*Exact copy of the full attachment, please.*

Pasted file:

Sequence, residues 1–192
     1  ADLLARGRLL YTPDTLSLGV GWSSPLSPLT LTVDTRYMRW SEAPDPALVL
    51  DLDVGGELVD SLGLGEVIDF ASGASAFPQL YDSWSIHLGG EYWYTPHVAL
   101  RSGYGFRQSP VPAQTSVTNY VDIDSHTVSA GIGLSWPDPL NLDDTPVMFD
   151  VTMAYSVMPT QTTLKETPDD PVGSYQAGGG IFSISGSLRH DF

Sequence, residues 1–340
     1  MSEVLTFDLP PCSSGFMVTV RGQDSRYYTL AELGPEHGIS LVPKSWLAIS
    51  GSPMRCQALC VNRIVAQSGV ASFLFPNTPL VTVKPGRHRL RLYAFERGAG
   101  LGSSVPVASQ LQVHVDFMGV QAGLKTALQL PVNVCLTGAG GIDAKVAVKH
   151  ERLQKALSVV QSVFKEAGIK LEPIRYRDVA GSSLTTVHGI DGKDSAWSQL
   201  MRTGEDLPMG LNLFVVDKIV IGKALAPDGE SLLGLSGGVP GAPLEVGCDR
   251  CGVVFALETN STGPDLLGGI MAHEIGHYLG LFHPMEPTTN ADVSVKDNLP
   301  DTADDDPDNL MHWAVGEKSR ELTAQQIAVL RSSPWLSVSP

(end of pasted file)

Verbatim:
Sequence, residues 1–192
     1  ADLLARGRLL YTPDTLSLGV GWSSPLSPLT LTVDTRYMRW SEAPDPALVL
    51  DLDVGGELVD SLGLGEVIDF ASGASAFPQL YDSWSIHLGG EYWYTPHVAL
   101  RSGYGFRQSP VPAQTSVTNY VDIDSHTVSA GIGLSWPDPL NLDDTPVMFD
   151  VTMAYSVMPT QTTLKETPDD PVGSYQAGGG IFSISGSLRH DF

Sequence, residues 1–340
     1  MSEVLTFDLP PCSSGFMVTV RGQDSRYYTL AELGPEHGIS LVPKSWLAIS
    51  GSPMRCQALC VNRIVAQSGV ASFLFPNTPL VTVKPGRHRL RLYAFERGAG
   101  LGSSVPVASQ LQVHVDFMGV QAGLKTALQL PVNVCLTGAG GIDAKVAVKH
   151  ERLQKALSVV QSVFKEAGIK LEPIRYRDVA GSSLTTVHGI DGKDSAWSQL
   201  MRTGEDLPMG LNLFVVDKIV IGKALAPDGE SLLGLSGGVP GAPLEVGCDR
   251  CGVVFALETN STGPDLLGGI MAHEIGHYLG LFHPMEPTTN ADVSVKDNLP
   301  DTADDDPDNL MHWAVGEKSR ELTAQQIAVL RSSPWLSVSP